Juventus left chasing their elusive European validation

Words by Adam Digby Illustration by Philippe Fenner
April 19, 2018

Cristiano Ronaldo’s 96th minute penalty meant that Real Madrid would proceed to the Champions League semifinals, while Juventus would begin waiting once again. Just over a week has passed since that cruel last gasp defeat, and Gigi Buffon’s angry reaction was perhaps the best indicator that this was a painful and heartbreaking loss. Normally one of world football’s calmest and well-spoken stars, the club Captain erupted when English referee Michael Oliver awarded the spot kick against his side, the circumstances surround the incident simply too much for him to bear.

“To award such a doubtful, or super doubtful, penalty just ahead of the final whistle and destroy the work of a team who gave absolutely everything you have to have a rubbish bin instead of your heart,” the veteran goalkeeper told reporters shortly after the final whistle. “A human being cannot decide the elimination of a team with such a decision.” Rightly proud of his team for fighting back from a three-goal deficit only to be ultimately denied, there was little doubt that Buffon’s emotions were caused by much more than just the match official’s decision that Medhi Benatia had fouled Lucas Vázquez.

Now 40 years old and likely to retire at the end of the season, the iconic shot-stopper has perhaps played in the Champions League for the final time, his chance to lift the famous old trophy now gone for good. Having won the UEFA Cup at Parma and the 2006 World Cup with Italy before collecting league titles and Coppa Italia winner’s medals almost annually with the Bianconeri, it is often noted that this competition is the only one to elude Buffon. Yet, if victory was all he craved, the Tuscany native had chances to join Barcelona, Real Madrid or AC Milan where he would almost certainly have triumphed eventually.

Instead, we are left with one obvious truth; for Buffon, winning the Champions League was not enough, he wanted to win it with Juventus. Rather than being a point of vanity, the Captain craved a triumph in UEFA’s elite competition because that is the yardstick by which any sustained success is judged. As Bayern Munich, Manchester City and Paris Saint-Germain can attest, winning a domestic title – even by an embarrassingly wide margin – is simply not enough and only overcoming the continent’s best teams can validate that dominance.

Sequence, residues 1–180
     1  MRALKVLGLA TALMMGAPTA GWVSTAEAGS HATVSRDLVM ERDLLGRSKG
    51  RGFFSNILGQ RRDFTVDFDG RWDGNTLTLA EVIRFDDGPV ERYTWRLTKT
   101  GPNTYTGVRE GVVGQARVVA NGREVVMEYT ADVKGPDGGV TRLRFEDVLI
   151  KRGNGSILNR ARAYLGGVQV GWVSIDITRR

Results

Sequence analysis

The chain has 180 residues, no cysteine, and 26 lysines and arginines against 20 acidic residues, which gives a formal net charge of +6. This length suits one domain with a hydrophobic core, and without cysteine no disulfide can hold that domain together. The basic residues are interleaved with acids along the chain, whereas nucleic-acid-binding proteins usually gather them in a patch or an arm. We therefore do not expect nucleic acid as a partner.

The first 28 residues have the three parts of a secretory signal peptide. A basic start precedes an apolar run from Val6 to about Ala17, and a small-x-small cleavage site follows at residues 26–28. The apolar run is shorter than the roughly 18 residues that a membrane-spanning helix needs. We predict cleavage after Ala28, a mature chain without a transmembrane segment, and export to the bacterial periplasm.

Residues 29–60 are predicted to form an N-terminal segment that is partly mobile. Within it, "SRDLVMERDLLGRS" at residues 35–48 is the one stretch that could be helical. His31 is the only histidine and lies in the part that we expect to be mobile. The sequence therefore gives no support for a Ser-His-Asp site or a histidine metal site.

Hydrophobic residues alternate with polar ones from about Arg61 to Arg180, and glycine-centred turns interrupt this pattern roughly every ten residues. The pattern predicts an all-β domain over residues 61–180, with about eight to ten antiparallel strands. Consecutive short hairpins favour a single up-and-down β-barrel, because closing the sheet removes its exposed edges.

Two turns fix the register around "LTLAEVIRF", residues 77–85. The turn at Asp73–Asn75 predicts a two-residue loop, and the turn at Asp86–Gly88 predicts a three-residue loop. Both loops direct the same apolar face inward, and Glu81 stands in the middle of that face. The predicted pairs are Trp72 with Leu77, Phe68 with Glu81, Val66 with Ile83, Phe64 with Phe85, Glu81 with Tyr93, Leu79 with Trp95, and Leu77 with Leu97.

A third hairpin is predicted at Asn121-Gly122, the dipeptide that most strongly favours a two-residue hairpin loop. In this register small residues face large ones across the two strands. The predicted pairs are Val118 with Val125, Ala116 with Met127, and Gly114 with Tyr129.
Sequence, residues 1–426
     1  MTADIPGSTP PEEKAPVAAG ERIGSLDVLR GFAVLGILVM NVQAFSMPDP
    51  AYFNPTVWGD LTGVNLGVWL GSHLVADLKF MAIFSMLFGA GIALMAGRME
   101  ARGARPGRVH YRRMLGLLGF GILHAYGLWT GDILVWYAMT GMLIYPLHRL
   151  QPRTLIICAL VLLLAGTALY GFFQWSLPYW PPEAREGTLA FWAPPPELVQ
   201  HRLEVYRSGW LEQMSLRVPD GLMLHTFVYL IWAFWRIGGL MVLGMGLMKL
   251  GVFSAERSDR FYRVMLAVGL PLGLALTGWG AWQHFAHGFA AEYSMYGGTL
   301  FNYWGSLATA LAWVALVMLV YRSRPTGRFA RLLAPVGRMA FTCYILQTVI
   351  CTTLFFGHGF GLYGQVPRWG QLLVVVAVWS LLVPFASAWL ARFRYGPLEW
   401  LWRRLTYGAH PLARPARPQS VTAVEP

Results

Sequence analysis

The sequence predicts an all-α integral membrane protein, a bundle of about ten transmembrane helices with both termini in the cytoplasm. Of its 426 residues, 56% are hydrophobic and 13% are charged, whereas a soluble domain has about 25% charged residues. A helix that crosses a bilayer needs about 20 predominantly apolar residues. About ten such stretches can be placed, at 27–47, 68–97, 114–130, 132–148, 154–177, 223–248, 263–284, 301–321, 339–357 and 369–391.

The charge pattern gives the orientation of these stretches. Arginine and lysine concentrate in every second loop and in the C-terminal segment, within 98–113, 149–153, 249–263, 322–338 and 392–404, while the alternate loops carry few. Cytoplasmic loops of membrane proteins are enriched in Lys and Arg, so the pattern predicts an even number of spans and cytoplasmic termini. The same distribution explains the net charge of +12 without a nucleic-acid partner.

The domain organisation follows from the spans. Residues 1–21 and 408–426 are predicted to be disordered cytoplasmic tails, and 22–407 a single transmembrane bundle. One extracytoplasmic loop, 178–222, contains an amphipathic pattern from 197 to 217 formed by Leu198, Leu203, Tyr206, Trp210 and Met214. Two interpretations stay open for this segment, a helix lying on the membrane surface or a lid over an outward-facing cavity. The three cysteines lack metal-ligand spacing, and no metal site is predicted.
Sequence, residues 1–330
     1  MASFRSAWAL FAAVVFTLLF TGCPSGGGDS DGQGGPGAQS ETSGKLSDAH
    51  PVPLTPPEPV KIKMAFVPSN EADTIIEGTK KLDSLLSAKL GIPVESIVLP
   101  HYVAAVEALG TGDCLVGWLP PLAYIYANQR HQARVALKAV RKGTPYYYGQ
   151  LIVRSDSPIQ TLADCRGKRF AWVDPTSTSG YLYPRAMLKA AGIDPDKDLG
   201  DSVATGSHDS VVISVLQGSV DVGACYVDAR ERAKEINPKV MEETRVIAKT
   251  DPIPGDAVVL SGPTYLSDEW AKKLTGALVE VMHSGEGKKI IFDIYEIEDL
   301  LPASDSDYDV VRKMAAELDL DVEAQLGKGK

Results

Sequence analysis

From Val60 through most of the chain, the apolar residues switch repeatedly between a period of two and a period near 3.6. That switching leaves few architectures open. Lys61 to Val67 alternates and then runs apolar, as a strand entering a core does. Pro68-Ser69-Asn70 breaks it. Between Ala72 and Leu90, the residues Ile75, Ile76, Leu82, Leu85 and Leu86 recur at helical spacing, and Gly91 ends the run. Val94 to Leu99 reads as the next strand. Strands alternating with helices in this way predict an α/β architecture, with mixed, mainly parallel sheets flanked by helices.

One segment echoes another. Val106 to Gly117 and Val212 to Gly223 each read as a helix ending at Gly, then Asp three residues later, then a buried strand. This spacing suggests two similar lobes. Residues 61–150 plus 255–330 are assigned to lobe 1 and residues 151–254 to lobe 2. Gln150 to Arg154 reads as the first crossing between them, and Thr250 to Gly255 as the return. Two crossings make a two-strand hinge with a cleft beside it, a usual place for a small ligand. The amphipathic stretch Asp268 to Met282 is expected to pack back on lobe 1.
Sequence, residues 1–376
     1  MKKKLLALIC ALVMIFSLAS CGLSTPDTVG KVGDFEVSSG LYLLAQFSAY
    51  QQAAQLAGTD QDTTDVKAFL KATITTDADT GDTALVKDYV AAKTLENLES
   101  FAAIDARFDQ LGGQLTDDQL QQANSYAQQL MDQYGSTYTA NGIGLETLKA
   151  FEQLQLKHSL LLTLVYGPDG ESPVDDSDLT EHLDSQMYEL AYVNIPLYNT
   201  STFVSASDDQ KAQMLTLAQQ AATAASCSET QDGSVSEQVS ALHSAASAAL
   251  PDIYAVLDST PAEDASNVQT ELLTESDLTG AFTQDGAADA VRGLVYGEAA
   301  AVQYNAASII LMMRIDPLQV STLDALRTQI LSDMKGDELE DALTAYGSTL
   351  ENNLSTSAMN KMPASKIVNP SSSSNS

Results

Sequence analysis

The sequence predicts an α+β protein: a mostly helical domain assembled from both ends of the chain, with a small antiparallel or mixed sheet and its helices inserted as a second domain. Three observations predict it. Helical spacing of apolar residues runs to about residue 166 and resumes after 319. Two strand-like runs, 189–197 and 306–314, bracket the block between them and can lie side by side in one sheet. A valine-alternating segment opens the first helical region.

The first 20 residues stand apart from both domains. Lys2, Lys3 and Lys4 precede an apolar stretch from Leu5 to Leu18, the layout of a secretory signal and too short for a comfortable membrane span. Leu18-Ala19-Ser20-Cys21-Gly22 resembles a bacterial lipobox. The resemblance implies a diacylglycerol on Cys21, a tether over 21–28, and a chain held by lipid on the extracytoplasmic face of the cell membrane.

Yet for players who pull on the famous black and white stripes of Italy’s most prestigious club, this is nothing new. It began in earnest when Giovanni Trapattoni led the club to their first international trophy – the 1977 UEFA Cup – before going on dominate football on the continent for the next decade. Before leaving Turin in 1986, “Trap” would see his team win the Serie A title six times, the Coppa Italia twice, the UEFA Cup Winners’ Cup and European Super Cup in 1984 and then a European Cup the following year.

He would return for three seasons before being replaced by Marcello Lippi, and it was he who would eventually restore Juve to the pinnacle of both domestic and European football. His side steamrollered their Serie A rivals in the 1994/95 campaign, winning a league-and-cup double, before a team containing Gianluca Vialli, Alessandro Del Piero and Fabrizio Ravanelli lifted the Champions League trophy just twelve months later.

Then the waiting began.

After that 1996 triumph they would reach the next two finals while simultaneously rebuilding the team, the arrivals of Zinedine Zidane, Edgar Davids and others proving insufficient when it mattered most. Those losses to Real Madrid and Borussia Dortmund meant that a genuinely great team did not punctuate their superiority with Champions League glory, and they would fall short once again in 2003.

That side contained Lilian Thuram, David Trezeguet and Ballon d’Or winner Pavel Nedved, but lost to Carlo Ancelotti’s Milan on penalties despite Buffon performing heroically in goal. A point blank save from a Pippo Inzaghi header maintained parity during normal time, while he also managed to deny Clarence Seedorf and Kakha Kaladze in the subsequent shootout.

In 2015 it was Lionel Messi and Barcelona who put them to the sword, while Ronaldo scored twice in Real Madrid’s 4-1 triumph last season. Then came the events of last week, the Portuguese superstar and his team-mates once again emerging victorious at the expense of Turin’s increasingly weary Old Lady.

She will be back of course, just a few short months until there is another Group Stage draw, a fresh set of opponents to overcome in the hope of ultimate glory for a team on the brink of a seventh consecutive Serie A title. They clearly regard the Champions League as the true measure of their greatness, Juventus are looking to not only get the better of their current rivals in Europe but also emerge from the shadow of their own trophy-laden history. They’ve been waiting for 22 years.

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